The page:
When researchers discuss the potential health benefits of red wine, resveratrol is regularly cited as a key culprit. The actual benefits are still debated, but people have claimed the compound can help with everything from losing weight to straight up living longer. Now, a new study suggests resveratrol might help people survive on Mars, too — but don’t toss a case of red wine in your space suitcase just yet.
Full disclosure, the paper — courtesy of researchers at the Harvard Medical School and published in the journal Frontiers in Physiology — only mentions red wine once, pointing out that resveratrol is “commonly found in grape skin, red wine, and blueberries and used as a dietary supplement.” Things look more promising when the authors write that their findings determined that “a moderate daily dose” of the polyphenol may be enough to “help mitigate muscle deconditioning in a Mars gravity analog.” To put it another way, resveratrol may be able to help astronauts counteract the negative impact of living in the reduced gravity of Mars (which is only about a third of what it is on Earth).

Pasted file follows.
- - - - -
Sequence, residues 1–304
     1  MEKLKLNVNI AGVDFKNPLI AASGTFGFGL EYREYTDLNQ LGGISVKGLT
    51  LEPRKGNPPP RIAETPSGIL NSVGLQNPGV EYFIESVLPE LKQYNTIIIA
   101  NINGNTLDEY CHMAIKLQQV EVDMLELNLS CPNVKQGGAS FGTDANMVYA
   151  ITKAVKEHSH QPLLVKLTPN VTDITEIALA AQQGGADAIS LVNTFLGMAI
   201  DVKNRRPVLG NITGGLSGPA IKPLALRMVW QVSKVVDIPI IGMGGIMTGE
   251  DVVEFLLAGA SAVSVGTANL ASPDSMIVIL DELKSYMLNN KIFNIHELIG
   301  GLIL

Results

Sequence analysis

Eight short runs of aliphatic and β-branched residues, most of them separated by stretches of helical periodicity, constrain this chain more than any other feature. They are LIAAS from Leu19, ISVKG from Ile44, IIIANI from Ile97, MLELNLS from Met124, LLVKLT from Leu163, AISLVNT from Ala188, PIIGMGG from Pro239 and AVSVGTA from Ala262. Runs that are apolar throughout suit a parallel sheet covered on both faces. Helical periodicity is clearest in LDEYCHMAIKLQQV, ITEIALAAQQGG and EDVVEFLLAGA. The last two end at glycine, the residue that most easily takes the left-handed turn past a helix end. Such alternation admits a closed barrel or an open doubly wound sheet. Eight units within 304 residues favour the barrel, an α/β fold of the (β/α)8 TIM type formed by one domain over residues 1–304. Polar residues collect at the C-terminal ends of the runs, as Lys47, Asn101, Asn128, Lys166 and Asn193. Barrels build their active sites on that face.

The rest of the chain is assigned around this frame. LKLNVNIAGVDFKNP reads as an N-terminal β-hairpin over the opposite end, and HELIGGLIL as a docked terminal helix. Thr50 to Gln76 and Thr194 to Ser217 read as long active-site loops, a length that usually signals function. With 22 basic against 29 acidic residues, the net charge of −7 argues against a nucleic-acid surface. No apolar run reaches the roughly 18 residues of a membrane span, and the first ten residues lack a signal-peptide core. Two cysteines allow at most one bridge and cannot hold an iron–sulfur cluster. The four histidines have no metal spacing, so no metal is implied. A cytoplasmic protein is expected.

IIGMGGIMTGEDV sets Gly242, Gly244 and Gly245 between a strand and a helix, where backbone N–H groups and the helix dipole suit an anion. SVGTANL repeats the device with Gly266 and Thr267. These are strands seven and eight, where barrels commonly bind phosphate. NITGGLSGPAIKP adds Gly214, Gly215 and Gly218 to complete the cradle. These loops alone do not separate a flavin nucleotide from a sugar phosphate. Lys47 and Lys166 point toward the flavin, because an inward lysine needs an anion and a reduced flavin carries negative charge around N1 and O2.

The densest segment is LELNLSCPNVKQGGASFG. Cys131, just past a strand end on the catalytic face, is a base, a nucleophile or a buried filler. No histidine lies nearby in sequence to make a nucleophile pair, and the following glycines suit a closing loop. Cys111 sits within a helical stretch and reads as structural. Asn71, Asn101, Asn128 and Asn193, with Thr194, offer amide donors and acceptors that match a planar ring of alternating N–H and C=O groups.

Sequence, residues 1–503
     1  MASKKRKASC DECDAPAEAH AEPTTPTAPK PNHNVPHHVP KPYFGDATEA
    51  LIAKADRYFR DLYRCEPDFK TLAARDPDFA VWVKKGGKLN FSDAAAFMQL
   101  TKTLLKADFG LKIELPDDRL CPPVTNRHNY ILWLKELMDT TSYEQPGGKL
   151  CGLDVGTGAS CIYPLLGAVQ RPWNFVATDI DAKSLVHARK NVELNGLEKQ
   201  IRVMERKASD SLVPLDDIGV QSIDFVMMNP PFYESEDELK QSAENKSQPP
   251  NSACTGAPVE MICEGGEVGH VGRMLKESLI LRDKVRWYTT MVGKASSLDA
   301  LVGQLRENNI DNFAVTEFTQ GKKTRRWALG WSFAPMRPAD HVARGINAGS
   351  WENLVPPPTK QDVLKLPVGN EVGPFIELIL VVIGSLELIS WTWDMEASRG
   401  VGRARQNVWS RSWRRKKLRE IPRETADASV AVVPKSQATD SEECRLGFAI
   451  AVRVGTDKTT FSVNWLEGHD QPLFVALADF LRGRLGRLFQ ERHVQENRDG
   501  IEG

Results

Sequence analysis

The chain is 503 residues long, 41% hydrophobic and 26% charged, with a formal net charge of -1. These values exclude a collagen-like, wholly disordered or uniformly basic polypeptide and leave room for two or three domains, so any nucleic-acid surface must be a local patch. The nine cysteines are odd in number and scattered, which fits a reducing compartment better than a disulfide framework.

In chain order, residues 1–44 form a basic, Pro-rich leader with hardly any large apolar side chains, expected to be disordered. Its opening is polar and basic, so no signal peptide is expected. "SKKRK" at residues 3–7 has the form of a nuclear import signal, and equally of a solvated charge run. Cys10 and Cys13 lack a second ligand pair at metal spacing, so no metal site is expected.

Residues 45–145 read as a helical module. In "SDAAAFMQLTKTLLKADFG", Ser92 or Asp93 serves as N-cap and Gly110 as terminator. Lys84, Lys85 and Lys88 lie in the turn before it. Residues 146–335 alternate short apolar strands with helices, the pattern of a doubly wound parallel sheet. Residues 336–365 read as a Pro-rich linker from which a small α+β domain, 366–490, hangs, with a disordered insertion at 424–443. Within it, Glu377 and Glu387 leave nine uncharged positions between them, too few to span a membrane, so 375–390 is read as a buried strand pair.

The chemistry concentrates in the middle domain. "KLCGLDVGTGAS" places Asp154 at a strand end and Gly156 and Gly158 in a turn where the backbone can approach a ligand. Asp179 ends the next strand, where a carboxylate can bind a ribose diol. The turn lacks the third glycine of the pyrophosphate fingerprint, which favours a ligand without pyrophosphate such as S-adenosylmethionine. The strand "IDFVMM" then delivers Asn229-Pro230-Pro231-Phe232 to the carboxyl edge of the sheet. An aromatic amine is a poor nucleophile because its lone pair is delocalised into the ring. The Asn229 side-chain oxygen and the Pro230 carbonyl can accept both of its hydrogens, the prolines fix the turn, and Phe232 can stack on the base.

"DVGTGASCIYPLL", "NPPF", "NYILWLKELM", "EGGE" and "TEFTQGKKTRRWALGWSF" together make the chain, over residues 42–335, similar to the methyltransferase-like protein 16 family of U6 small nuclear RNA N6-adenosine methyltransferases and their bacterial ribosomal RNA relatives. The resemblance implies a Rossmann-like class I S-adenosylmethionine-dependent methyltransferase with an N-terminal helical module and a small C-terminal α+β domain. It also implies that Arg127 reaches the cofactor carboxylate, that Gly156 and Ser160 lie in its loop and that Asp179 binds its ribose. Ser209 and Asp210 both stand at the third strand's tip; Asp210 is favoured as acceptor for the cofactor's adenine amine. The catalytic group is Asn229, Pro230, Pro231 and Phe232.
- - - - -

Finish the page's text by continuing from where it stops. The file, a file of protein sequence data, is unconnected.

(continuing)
That said, the study defined a “moderate” dose as “150 mg/kg/day.” Results vary, but the site Live Science pegs the maximum amount of resveratrol in a glass of wine at 2 milligrams — meaning you’d be drinking wine by the case, not by the glass, to hit a moderate daily dose… and the alcohol would surely counteract any of the benefits of the resveratrol.
Still, it’s not like the idea of shipping red wine to the Red Planet was sensible to begin with. Instead, however, if resveratrol was proven to be key to battling the negative effects of Martian gravity, it could possibly create a strong argument for including vineyards as part of a Martian terraforming effort. And hey, having some wineries probably wouldn’t hurt luring more tourists to Mars either.
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